Intermittent screening and treatment or intermittent preventive treatment with dihydroartemisinin-piperaquine versus intermittent preventive treatment with sulfadoxine-pyrimethamine for the control of malaria during pregnancy in western Kenya: an open-la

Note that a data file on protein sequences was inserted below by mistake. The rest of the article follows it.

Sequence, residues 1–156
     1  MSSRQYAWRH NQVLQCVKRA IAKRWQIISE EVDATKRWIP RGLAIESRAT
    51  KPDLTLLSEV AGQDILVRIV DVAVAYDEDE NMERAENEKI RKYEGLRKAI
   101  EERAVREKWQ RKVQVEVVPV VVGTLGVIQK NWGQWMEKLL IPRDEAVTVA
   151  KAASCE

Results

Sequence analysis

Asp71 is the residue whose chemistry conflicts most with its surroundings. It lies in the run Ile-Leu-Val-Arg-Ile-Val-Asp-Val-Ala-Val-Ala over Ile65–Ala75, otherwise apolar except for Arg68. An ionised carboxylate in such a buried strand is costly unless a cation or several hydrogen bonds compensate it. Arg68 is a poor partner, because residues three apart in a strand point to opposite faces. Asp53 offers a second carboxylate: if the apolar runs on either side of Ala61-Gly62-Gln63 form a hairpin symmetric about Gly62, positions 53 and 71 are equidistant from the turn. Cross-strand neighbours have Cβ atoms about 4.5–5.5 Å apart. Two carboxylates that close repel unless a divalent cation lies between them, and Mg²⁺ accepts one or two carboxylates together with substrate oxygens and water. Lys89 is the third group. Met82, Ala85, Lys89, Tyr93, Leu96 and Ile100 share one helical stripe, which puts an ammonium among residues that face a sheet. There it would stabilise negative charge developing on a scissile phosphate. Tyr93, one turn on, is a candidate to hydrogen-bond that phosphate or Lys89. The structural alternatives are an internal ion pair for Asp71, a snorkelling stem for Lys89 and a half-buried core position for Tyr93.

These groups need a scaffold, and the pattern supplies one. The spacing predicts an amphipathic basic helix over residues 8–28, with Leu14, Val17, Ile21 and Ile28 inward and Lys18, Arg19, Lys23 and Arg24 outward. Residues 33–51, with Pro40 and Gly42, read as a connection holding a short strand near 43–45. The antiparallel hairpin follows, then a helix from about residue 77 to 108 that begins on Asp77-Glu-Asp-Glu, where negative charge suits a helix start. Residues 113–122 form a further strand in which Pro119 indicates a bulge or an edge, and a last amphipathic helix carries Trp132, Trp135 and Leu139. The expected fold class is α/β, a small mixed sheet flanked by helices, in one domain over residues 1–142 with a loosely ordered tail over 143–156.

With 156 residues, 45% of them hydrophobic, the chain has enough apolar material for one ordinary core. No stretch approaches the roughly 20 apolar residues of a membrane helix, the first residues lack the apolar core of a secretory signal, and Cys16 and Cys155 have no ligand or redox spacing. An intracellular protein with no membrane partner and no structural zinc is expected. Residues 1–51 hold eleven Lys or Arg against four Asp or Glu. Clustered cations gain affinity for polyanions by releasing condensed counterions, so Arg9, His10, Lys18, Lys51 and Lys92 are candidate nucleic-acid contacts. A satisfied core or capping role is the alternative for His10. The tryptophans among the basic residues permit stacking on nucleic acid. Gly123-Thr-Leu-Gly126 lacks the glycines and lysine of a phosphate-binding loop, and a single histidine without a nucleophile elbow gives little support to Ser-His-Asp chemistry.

BACKGROUND: Every year, more than 32 million pregnancies in sub-Saharan Africa are at risk of malaria infection and its adverse consequences. The effectiveness of the intermittent preventive treatment with sulfadoxine-pyrimethamine strategy recommended by WHO is threatened by high levels of parasite resistance. We aimed to assess the efficacy and safety of two alternative strategies: intermittent screening with malaria rapid diagnostic tests and treatment of women who test positive with dihydroartemisinin-piperaquine, and intermittent preventive treatment with dihydroartemisinin-piperaquine. METHODS: We did this open-label, three-group, randomised controlled superiority trial at four sites in western Kenya with high malaria transmission and sulfadoxine-pyrimethamine resistance. HIV-negative pregnant women between 16 and 32 weeks` gestation were randomly assigned (1:1:1), via computer-generated permuted-block randomisation (block sizes of three, six, and nine), to receive intermittent screening and treatment with dihydroartemisinin-piperaquine, intermittent preventive treatment with dihydroartemisinin-piperaquine, or intermittent preventive treatment with sulfadoxine-pyrimethamine. Study participants, study clinic nurses, and the study coordinator were aware of treatment allocation, but allocation was concealed from study investigators, delivery unit nurses, and laboratory staff. The primary outcome was malaria infection at delivery, defined as a composite of peripheral or placental parasitaemia detected by placental histology, microscopy, or rapid diagnostic test. The primary analysis was by modified intention to treat. This study is registered with ClinicalTrials.gov, number NCT01669941. FINDINGS: Between Aug 21, 2012, and June 19, 2014, we randomly assigned 1546 women to receive intermittent screening and treatment with dihydroartemisinin-piperaquine (n=515), intermittent preventive treatment with dihydroartemisinin-piperaquine (n=516), or intermittent preventive treatment with sulfadoxine-pyrimethamine (n=515); 1368 (88%) women comprised the intention-to-treat population for the primary endpoint. Prevalence of malaria infection at delivery was lower in the intermittent preventive treatment with dihydroartemisinin-piperaquine group than in the intermittent preventive treatment with sulfadoxine-pyrimethamine group (15 [3%] of 457 women vs 47 [10%] of 459 women; relative risk 0.32, 95% CI 0.18-0.56; p<0.0001), but not in the intermittent screening and treatment with dihydroartemisinin-piperaquine group (57 [13%] of 452 women; 1.23, 0.86-1.77; p=0.26). Compared with intermittent preventive treatment with sulfadoxine-pyrimethamine, intermittent preventive treatment with dihydroartemisinin-piperaquine was associated with a lower incidence of malaria infection during pregnancy (192.0 vs 54.4 events per 100 person-years; incidence rate ratio [IRR] 0.28, 95% CI 0.22-0.36; p<0.0001) and clinical malaria during pregnancy (37.9 vs 6.1 events; 0.16, 0.08-0.33; p<0.0001), whereas intermittent screening and treatment with dihydroartemisinin-piperaquine was associated with a higher incidence of malaria infection (232.0 events; 1.21, 1.03-1.41; p=0.0177) and clinical malaria (53.4 events; 1.41, 1.00-1.98; p=0.0475). We recorded 303 maternal and infant serious adverse events, which were least frequent in the intermittent preventive treatment with dihydroartemisinin-piperaquine group. INTERPRETATION: At current levels of rapid diagnostic test sensitivity, intermittent screening and treatment is not a suitable alternative to intermittent preventive treatment with sulfadoxine-pyrimethamine in the context of high sulfadoxine-pyrimethamine resistance and malaria transmission. However, dihydroartemisinin-piperaquine is a promising alternative drug to replace sulfadoxine-pyrimethamine for intermittent preventive treatment. Future studies should investigate the efficacy, safety, operational feasibility, and cost-effectiveness of intermittent preventive treatment with dihydroartemisinin-piperaquine. FUNDING: The Malaria in Pregnancy Consortium, which is funded through a grant from the Bill & Melinda Gates Foundation to the Liverpool School of Tropical Medicine.